Why is the NIST worried about quantum computing when it’s going to take some time for it to become a reality? How is quantum computing disrupting the world of cyber? Does China lead the quantum technology race?
Traditional computers perform calculations with standard ‘bits’ that exist in states of 0 or 1, whereas quantum computers use ‘qubits.’ These quantum analogs of the ‘bit’ exist in a superposition of all possible states, allowing for a significant, even exponential, advantage in computing capabilities. Bits function similarly to switches in that they can be either up or down, on or off. Qubits, on the other hand, are more like dimmer dials in that they can have an infinite number of different values between on and off, along with other computational functionality.
Quantum computing is fundamentally different from the laptops and smartphones on which we depend on today. Instead of ever smaller transistors, quantum machines operate on particle physics principles and excel at solving complex statistical problems with multiple variables. Even though quantum computing is not a complete reality today, it is capable of adding significant value to areas like medical research, artificial intelligence, weather forecasting, military affairs, and cyber security. Ironically, it also creates a significant cybersecurity threat, potentially requiring a change in how we encrypt our data.
Recognizing this fact, many private sector companies and nation-state research institutions have begun to invest in R&D. Many experts in this field believe that the advancement of quantum computing technologies will not follow the typical smooth progression curve. Companies and countries that have begun to invest in and develop plans to achieve quantum supremacy in their operations have a much better chance of capitalizing on the future market during this early development phase.
Considering the potential impact of quantum computers in the future, many governmental institutes and private agencies have funded research and development in quantum computing technologies. Despite the fact that many market-ready and mature technologies, such as artificial intelligence and blockchain, exist, quantum computing has attracted the interest of global superpowers, particularly China and the United States.
Companies in the United States such as IBM, Google, Honeywell, and Amazon are making significant investments to achieve quantum computing supremacy, whereas China has placed quantum information science at the center of its national security strategy, capturing the attention of the Chinese top leadership. China’s supreme leader Xi Jinping has emphasized the strategic importance of quantum technologies to national security, particularly cybersecurity. The “All-of-government” approach is being used by China to develop quantum technology, clearly, the nation has recognized it to be a strategic national priority.
Various available data points show that China recognizes the importance of quantum supremacy in realizing its dream of becoming a global superpower capable of displacing the United States, and believes that this competition will be a marathon, not a sprint. China has consistently funded basic and applied research in this scientific domain since the 1990s, primarily through China’s National High-Technology Research and Development Plan. Since the 11th Five Year Plan, China has made quantum computing a strategic priority (2006).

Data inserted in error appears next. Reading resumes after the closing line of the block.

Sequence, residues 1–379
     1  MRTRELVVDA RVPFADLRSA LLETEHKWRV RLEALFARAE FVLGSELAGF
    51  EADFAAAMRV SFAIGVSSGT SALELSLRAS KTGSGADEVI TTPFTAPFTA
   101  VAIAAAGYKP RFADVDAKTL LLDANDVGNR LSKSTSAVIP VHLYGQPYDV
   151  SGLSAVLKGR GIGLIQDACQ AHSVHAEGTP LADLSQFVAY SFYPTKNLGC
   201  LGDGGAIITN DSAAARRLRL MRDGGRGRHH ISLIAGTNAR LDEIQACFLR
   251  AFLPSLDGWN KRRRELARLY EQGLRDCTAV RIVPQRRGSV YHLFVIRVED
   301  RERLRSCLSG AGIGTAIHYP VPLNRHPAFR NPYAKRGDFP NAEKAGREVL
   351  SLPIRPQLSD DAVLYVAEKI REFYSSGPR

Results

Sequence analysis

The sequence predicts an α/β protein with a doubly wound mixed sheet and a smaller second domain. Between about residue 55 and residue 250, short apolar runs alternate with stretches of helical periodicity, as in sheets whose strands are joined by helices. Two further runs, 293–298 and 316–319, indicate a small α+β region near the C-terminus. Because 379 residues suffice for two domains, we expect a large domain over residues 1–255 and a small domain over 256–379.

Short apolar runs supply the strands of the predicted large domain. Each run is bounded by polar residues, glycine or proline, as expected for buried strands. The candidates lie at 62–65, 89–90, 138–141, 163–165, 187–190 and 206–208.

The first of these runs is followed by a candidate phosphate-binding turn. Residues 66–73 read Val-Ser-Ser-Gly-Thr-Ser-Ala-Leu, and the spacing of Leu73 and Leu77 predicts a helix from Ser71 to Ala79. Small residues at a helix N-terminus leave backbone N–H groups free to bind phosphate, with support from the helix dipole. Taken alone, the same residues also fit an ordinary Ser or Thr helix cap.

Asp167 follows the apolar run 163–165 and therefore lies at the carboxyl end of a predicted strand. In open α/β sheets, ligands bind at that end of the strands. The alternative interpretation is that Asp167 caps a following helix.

In its 14th Five Year Plan, China ranked quantum computing second only to AI as a top technology priority. Recognizing its significance, the CCP committed to ongoing funding support for Quantum Computing research and development. Around USD 15 billion in funding has been announced for leading institutions such as the National Laboratory for Quantum Information Science and the Beijing Academy of Quantum Information Sciences to develop some of the world’s top quantum research facilities.
In 2015, Xi Jinping included quantum communications in his list of major science and technology projects that are prioritized for significant breakthroughs by 2030, given their importance from the perspective of China’s long-term strategic requirements.
Apart from the numerous benefits of quantum computing, there are a few negative consequences as well.
Because quantum computers can process data at an exponential rate, they pose significant cyber threats to existing cryptosystems. However, current quantum computers lack the hardware required to break this algorithm. Many applications, including web browsing, online payments, digital signatures, and email, rely heavily on asymmetric encryption schemes like the RSA algorithm. The RSA algorithm is based on traditional computers’ inability to find factors of the product of two large prime numbers. A quantum computer with 4000 qubits and 100 million gates is estimated to be required to crack a 2048-bit RSA key. Other public-key encryption schemes, such as Diffie-Hellman and ECC, are rendered ineffective in the face of a quantum computer. On the one hand, this will disrupt the encryption ecosystem; on the other hand, it will reveal potentially sensitive information from previously exfiltrated encrypted data from various historical cyber-attacks by nation-state groups and cybercriminals.
In future warfare, technological superiority over the number of soldiers in the armed forces will determine victory. Quantum sensing has the potential to be used in a variety of technologies with direct military applications. Quantum radar, in particular, can detect targets that conventional radar cannot detect, and quantum navigation uses quantum properties to create a precise form of positioning system that may eventually replace GPS. Such technologies, when combined, could be critical to China’s future military capabilities, as well as a key focus of technological competition with other rival countries such as the United States.